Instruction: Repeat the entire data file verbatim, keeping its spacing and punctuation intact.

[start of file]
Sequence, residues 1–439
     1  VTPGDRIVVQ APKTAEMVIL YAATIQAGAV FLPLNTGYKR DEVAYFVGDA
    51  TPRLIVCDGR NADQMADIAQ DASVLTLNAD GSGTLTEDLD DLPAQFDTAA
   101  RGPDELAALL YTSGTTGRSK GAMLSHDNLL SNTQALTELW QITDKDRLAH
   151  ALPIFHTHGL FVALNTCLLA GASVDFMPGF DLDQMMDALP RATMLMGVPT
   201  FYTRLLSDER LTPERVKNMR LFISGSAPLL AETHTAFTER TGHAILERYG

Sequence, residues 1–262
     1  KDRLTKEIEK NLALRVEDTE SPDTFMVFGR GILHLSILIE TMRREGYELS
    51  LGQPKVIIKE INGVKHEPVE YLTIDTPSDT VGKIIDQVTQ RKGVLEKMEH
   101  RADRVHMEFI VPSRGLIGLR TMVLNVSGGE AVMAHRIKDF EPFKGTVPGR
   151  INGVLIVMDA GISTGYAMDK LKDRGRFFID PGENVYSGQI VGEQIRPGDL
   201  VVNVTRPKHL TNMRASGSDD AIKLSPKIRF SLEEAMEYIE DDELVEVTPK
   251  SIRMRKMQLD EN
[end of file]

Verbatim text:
Sequence, residues 1–439
     1  VTPGDRIVVQ APKTAEMVIL YAATIQAGAV FLPLNTGYKR DEVAYFVGDA
    51  TPRLIVCDGR NADQMADIAQ DASVLTLNAD GSGTLTEDLD DLPAQFDTAA
   101  RGPDELAALL YTSGTTGRSK GAMLSHDNLL SNTQALTELW QITDKDRLAH
   151  ALPIFHTHGL FVALNTCLLA GASVDFMPGF DLDQMMDALP RATMLMGVPT
   201  FYTRLLSDER LTPERVKNMR LFISGSAPLL AETHTAFTER TGHAILERYG

Sequence, residues 1–262
     1  KDRLTKEIEK NLALRVEDTE SPDTFMVFGR GILHLSILIE TMRREGYELS
    51  LGQPKVIIKE INGVKHEPVE YLTIDTPSDT VGKIIDQVTQ RKGVLEKMEH
   101  RADRVHMEFI VPSRGLIGLR TMVLNVSGGE AVMAHRIKDF EPFKGTVPGR
   151  INGVLIVMDA GISTGYAMDK LKDRGRFFID PGENVYSGQI VGEQIRPGDL
   201  VVNVTRPKHL TNMRASGSDD AIKLSPKIRF SLEEAMEYIE DDELVEVTPK
   251  SIRMRKMQLD EN